04/17/2002 12:00AM

'Demolition Derby' memories


ARCADIA, Calif. - It has been nearly two weeks now since the Santa Anita Derby was run, and I keep hearing these sarcastic cracks about how long it took Came Home to come home, and how the race could have been clocked with an egg timer, and how it was the slowest running since the version won by Candy Spots, way back in 1963.

That's enough. I will tolerate no more dumping on Candy Spots.

Students of time need to go back to class. If all they look at is a sad little number printed in 8-point type on a faded yellow chart page, then they deserve to wallow in their ignorance.

Anyone who gets a rush from watching the clock must, by logical extension, hold Monarchos dear as the second greatest Kentucky Derby winner of all time. Right.

Candy Spots won the 1963 Santa Anita Derby by 1 1/2 lengths in 1:50.20 for 1 1/8 miles on a fast track.

Came Home shaded that, but not by much. Like Came Home, Candy Spots was a brilliant 2-year-old who did not win beyond seven furlongs until he turned 3. For Candy Spots, the Santa Anita Derby was his fifth victory without a defeat. Came Home has won 6 of 7.

There are many things that determine a final time, beyond the intrinsic speed of a racehorse. Pace is a key. So is the condition of the track surface, along with the quality of its maintenance, as well as such factors as wind and rain.

Oh, yes. Final time also can be affected by a four-horse pile-up at the front of the field going into the first turn.

Candy Spots did not simply win the 1963 Santa Anita Derby. He survived it. Ben-Hur had a better trip. There are a lot of guys still around who rode in the "Demolition Derby" - among them Bill Shoemaker, Don Pierce, Johnny Longden, and Braulio Baeza - but they stayed afloat. Pete Moreno wasn't that lucky.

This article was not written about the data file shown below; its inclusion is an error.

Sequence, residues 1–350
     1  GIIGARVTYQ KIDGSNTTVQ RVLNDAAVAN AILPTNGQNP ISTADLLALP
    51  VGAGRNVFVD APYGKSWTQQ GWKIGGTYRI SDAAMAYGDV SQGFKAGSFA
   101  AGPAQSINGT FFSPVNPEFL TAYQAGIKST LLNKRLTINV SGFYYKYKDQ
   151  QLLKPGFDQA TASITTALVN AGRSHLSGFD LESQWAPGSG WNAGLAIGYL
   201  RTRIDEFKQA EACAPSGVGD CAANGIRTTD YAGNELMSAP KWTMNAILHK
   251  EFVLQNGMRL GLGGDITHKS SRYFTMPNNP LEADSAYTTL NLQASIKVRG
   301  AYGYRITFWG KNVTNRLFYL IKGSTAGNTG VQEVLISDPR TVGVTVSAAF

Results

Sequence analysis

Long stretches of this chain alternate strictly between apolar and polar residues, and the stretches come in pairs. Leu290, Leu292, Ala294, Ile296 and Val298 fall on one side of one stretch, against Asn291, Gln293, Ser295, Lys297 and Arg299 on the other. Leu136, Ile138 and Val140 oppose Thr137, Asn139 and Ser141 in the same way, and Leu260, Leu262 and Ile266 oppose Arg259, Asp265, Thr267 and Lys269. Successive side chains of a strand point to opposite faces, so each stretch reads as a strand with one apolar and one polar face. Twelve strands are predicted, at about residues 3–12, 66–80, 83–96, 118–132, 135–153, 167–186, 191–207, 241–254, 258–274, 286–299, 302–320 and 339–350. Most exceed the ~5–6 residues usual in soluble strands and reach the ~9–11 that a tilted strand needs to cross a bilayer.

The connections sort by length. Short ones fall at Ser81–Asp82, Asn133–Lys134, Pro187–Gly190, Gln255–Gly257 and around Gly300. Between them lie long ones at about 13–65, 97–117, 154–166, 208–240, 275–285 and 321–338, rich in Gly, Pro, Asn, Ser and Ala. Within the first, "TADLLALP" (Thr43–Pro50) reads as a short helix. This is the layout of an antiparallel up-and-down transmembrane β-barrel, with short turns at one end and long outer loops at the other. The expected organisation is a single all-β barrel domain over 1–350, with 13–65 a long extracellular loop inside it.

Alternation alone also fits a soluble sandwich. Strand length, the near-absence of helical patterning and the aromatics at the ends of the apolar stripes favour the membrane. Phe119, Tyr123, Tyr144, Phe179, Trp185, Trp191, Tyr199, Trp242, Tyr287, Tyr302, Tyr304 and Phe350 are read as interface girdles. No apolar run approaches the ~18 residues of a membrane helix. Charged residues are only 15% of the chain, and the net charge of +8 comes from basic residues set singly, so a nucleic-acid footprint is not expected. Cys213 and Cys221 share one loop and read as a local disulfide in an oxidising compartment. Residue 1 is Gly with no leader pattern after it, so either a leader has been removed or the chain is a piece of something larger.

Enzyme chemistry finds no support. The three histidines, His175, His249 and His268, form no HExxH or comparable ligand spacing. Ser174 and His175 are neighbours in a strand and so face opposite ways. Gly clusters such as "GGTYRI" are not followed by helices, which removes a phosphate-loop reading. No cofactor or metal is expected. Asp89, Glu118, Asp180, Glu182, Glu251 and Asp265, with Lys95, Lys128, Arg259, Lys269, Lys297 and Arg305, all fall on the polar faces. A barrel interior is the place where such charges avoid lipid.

Moreno was riding Doolin Point, third choice to Shoemaker and Candy Spots. Moreno had no delusions. "Candy Spots was a big, beautiful looking horse," he recalled. "But my colt came on late, so I thought I might have a chance."

At the age of 75, retired from a career as a racing official and living with his wife, Janice, in Palm Springs, Moreno's memory is still sharp enough to take us around that terrible first turn, beginning with the start, when Longden sent Might and Main right to the lead from post position 13.

"I don't know if you're old enough to remember his style of riding, but John would go to the lead, take a hold and suck back to slow the pace down," Moreno began.

"Going into the turn, Baeza [on Sky Gem] ran in behind Longden. But it looked like he couldn't hold his horse, so he wheeled out. As Baeza came out, Milo Valenzuela [on Win-Em-All] clipped his heels and was the first to go down.

"After that, it was Rudy Campas [on Denodado] who went down, and I fell over the two of them. We went down like a stack of checkers. And that's the last thing I remember."

Eddie Burns also hit the deck with Royal Tower, while the rest of the field dodged fallen bodies. When the dust had cleared, the scene was bleak - four horses and four riders strewn across the track, looking like the battlefield at Agincourt.

Valenzuela was hospitalized. Denodado had to be euthanized, with a pistol, no less. Moreno, cut and bruised, was too groggy to remember the shot.

"They told me that the first thing I said was, '?Is my brother okay?' I knew Henry was somewhere behind me."

Henry Moreno, five years younger than Pete and riding Tourlourou, was fine. In fact, Shoemaker gives Henry the credit for nudging him out of harm's way.

"I was coming up behind all those horses going down when Henry came out and bumped me just enough to miss them," Shoemaker said. "Everybody was taking up. I ended up eight or nine wide around the first turn."

Thirteen horses started in the 1963 Santa Anita Derby.

Only nine finished. Moreno recalls the pall that settled over the local racing community.

"It was a lot different then," said Moreno. "We were gypsies, like family, and spent a lot of time together.

"The night of the derby, Charlie Comiskey gave a party, and everybody was invited. I was there, all bandaged up, then somebody walked in and said, 'Milo just died.' Talk about devastated. We were all in shock."

Moreno jumped in his car and rushed to the hospital.

"Milo's wife, Rosa, was sitting there in tears," Moreno said. "But it was a false alarm. Somebody had started the rumor."

After what happened, the rumor wasn't hard to believe.

Charles Hatton, in his report on the Santa Anita Derby for the 1964 American Racing Manual, described the race as a "boscoulade" (an accident caused by itself) and dismissed the final time as "virtually meaningless in light of the distressing tangent the race took on the first turn."

So say what you want about Came Home. But lay off Candy Spots.